Such a leadership talent is increasingly experienced, more process-driven, encourages experimentation and implements best practices for steering the Logistics sector on a high-growth curve. Such a thing is definitely a positive and a good trend. Leaders at the CXO-level will not require a prolonged gestation period for learning crucial skills and expertise needed to implement tasks in a seamless manner. They may take a certain amount of time and effort to adapt to the workings and culture of the Logistics industry.



In developing a blended workforce, do you believe that the senior leadership is required to bring about a mindset shift within the company that full-time employees alone cannot ensure the completion of work/projects? If yes, how can leadership channelise such a mindset change within an organisation in your industry?



Different industries including Logistics are witnessing the emergence of the blended workforce model in the pandemic phase. The top leadership in the Logistics industry needs to be receptive to the fact that full-time employees alone cannot ensure the completion of work. Organisations will need to make full-time employees realise that additional support provided by part-time or contingent workforces is imperative for the timely execution of projects.


Though a blended workforce is important, it can become cumbersome when new talent forces in the form of part-time or contingent workers are recruited and need to be trained all over again. If a company has an agreement that a set of people will perform their duties every year and builds a relationship with third-party consultants and candidates, the job becomes easier. Companies need to foster a paradigm shift among full-time employees to make them understand that a blended workforce is not a one-off phenomenon but an operational requirement providing organisations with the requisite competitive edge.



Employee eXperience (EX) has been typically associated with full-time employees and often goes unaddressed for other workforce segments. With non-traditional talent becoming an increasingly important source of competitive advantage, how can organisations deliver optimal EX for them?



When we talk of Employee Experience, it has to be uniform across the organisation. People cannot be treated on the basis of nature of their jobs. To cite an instance, the Sexual Harassment of Women at Workplace (Prevention, Prohibition and Redressal) Act, 2013, commonly referred to as the POSH Act does not discriminate between full-time and part-time women employees and aims at providing a safe, secure and productive environment free from sexual harassment to women.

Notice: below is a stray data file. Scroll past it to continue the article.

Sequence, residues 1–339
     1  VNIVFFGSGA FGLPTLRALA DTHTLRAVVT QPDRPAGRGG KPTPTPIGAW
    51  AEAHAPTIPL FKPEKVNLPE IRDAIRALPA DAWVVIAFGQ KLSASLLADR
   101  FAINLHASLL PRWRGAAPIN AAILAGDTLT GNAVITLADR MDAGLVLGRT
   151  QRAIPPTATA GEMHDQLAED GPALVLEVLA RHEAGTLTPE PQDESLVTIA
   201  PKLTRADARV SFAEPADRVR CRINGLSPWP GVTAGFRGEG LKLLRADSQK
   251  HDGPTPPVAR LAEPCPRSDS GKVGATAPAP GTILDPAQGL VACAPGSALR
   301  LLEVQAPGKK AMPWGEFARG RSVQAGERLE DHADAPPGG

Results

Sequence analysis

Employees working in a part-time or full-time capacity can become the brand ambassadors of the company and communicate the company values and culture to the outside world. Workforces with the optimal employee experience feel a deeper connect with the company mission and vision. By prioritising the wellness of part-time employees, companies can provide an enabling ecosystem for them to bolster their productivity and performance. Not only employees, but even the support staff of companies also need to be treated with due respect and dignity. This can help in building a diverse and inclusive workplace ecosystem that spurs employees to perform to their optimum best.


With older talent rejoining work post their retirement, we are witnessing a more age-diverse workforce than ever before. How can organisations foster intergenerational collaboration and cohesion given the different types of work arrangements (from full-time to freelance) and work models (from remote to hybrid)?



Modern workplaces have a varied mix of multi-generational workforces made up of employees from Baby Boomers to Gen Z. It is the responsibility of employees belonging to the diverse generations to work very closely. It will not merely suffice to say that the younger generation should adjust with the senior workforces and vice-versa. The challenge here is ensuring teamwork and accepting the core competencies of each generation.



Leveraging the specific skillsets and specialisations of each generation will be pivotal to achieving organisational aims and objectives. The industry has become a melting pot for a multi-generational workforce with an increasing number of people coming into the talent market. Employees are ready to work for a further 5-8 years after retirement. This is a good trend as companies can make optimum use of their knowledge base. It is up to the younger generation to get the knowledge from their senior team members and blend it with their core competencies be it in the automation or digital domain.